GREAT FALLS, MT — Ana Suda and Martha “Mimi” Hernandez, two American citizens detained by U.S. Customs and Border Protection (CBP) for speaking Spanish while shopping at a local convenience store in Havre, Montana, have reached a settlement in their lawsuit against the Trump administration.
The American Civil Liberties Union, ACLU of Montana, and law firm Crowley Fleck PLLP represent the two women.
Suda and Hernandez were simply standing in line waiting to pay for groceries when CBP Agent Paul O’Neill approached them, commented on Hernandez’s accent, and asked where the women were born. They responded Texas and California, respectively. The agent then ordered them to show identification, and they immediately presented their valid Montana driver’s licenses.
There was no reason to believe that either woman had violated any law, but O’Neill still detained them in the parking lot. They began filming him, asking him why he targeted them. He said it was because they were “speaking Spanish in the store in a state where it’s predominantly English speaking.” O’Neill offered no other justification for detaining and interrogating them. Watch the video.
Through the lawsuit, it was revealed that local CBP agents have engaged in a longstanding pattern of abusive seizures and investigations.
Agents from the local administrative CBP unit — known as the “Havre Sector” — have repeatedly targeted Latinx individuals without justification, often based on their race. One such incident led to a published Ninth Circuit opinion holding that CBP agents illegally detained a group of men in Havre in 2006.
In materials produced as a result of the lawsuit, CBP agents admitted they routinely profile non-white individuals in the Havre Sector.
According to a CBP supervisor, “We have a lot of agents here and nobody really has much to do.”
He recounted seeing “two Mexicans” while off duty in a local mall. He was about to report the two shoppers to CBP so that the agency could send an agent — only to find that another off-duty CBP agent had already made the same report.
For these agents, people are suspicious if they do not fit their profile of a typical resident of Havre — i.e., if they are not white.
Evidence uncovered in the suit also revealed that O’Neill was a member of the now defunct “I’m 10-15” Facebook group where CBP agents joked about the deaths of migrants, discussed throwing burritos at Latino members of Congress visiting a detention facility in Texas, and posted a vulgar illustration depicting U.S. Rep. Alexandria Ocasio-Cortez engaged in oral sex with a detained migrant.
Through the discovery process, O’Neill also handed over a number of inflammatory and racist text messages confirming his anti-immigrant bias. Watch the video.
“As if the racism they experienced at the hands of CBP agents were not enough, our clients also bore the brunt of local backlash as a result of coming forward. They both ultimately left Havre for fear of their families’ safety,” said Caitlin Borgmann, executive director of the ACLU of Montana.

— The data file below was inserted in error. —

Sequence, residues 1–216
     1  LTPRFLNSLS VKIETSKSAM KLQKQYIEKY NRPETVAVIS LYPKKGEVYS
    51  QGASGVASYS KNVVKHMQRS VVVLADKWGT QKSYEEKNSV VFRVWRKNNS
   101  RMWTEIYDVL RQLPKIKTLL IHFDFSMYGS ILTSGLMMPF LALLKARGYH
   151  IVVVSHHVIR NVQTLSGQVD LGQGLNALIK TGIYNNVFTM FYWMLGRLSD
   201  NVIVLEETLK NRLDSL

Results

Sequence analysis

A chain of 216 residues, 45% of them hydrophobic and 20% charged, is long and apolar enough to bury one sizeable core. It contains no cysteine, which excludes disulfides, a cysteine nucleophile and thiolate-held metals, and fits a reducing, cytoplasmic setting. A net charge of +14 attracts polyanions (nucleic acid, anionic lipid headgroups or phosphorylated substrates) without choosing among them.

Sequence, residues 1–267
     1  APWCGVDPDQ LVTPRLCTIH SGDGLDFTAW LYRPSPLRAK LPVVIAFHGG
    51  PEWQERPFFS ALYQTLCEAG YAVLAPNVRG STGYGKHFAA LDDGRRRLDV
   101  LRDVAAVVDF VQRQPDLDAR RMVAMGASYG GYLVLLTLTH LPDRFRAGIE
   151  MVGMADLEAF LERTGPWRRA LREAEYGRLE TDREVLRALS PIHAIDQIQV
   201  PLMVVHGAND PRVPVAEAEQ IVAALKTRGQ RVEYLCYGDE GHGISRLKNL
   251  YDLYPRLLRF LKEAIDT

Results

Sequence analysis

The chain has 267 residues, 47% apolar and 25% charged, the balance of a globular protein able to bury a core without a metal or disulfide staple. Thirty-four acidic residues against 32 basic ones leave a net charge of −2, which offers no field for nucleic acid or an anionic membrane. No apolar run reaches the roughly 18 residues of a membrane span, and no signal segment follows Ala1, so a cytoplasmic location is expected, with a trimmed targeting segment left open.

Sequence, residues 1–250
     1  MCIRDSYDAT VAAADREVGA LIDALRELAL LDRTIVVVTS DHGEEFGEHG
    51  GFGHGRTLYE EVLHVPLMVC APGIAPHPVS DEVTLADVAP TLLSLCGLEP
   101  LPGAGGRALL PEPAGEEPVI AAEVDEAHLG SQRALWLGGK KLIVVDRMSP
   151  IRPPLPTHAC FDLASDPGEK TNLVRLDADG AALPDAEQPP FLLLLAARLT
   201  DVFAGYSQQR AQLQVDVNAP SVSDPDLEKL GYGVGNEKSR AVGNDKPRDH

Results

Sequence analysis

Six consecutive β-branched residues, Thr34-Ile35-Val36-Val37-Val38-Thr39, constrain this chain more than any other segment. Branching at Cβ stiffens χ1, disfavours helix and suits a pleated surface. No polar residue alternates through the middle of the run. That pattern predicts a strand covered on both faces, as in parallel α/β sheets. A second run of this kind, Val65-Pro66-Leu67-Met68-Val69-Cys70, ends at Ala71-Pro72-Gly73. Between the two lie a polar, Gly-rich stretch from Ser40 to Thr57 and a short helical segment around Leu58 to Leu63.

“We stood up to the government because speaking Spanish is not a reason to be racially profiled and harassed. I am proud to be bilingual, and I hope that as a result of this case CBP takes a hard look at its policies and practices,” said Suda. “No one else should ever have to go through this again.”
“CBP’s behavior was unconscionable and illegal, but sadly not uncommon. This agency must be held accountable,” said Cody Wofsy, a staff attorney with the ACLU’s Immigrants’ Rights Project.
The settlement involves a monetary sum. Under the Biden administration, the ACLU will continue to hold the federal government and the Department of Homeland Security accountable to the people.
Within the first six months of the new administration, the ACLU wants to see President-elect Biden:
- Ensure that all CBP officials uniformly comply with full Fourth Amendment standards.
- Eliminate all border patrol permanent interior checkpoints.
- Reduce the number of border patrol agents by 50 percent.
- Direct DOJ to revise its “Guidance Regarding the Use of Race by Federal Law Enforcement Agencies,” by prohibiting any discriminatory profiling without exception.
Customs and Border Protection released the following statement at our request:
“CBP stresses honor and integrity in every aspect of our mission, and the overwhelming majority of CBP employees and officers perform their duties with honor and distinction, working tirelessly every day to keep our country safe. CBP officers and agents are trained to enforce U.S. laws uniformly and fairly and they do not discriminate based on religion, race, ethnicity or sexual orientation.
CBP is committed to the fair, impartial and respectful treatment of all members of the trade and traveling public
, and has memorialized its commitment to nondiscrimination in existing policies, including the February 2014 CBP Policy on Nondiscrimination in Law Enforcement Activities and all other Administered Programs. This policy prohibits the consideration of race or ethnicity in law enforcement, investigation, and screening activities, in all but the most exceptional circumstances. CBP’s Standards of Conduct further highlights CBP’s prohibition on bias-motivated conduct and explicitly requires that ‘Employees will not act or fail to act on an official matter in a manner which improperly takes into consideration an individual’s race, color, age, sexual orientation, religion, sex, national origin, or disability, union membership, or union activities.’
As noted in Paragraph 4 of the settlement agreement it: ‘… is in no way intended to be, and should not be construed as, an admission of liability or fault on the part of the United States, its agents, servants, or employees, and it is specifically denied that they are liable to the plaintiffs.’ ”
Read our earlier story: Montana ACLU says Havre border patrol incident was "atrocious"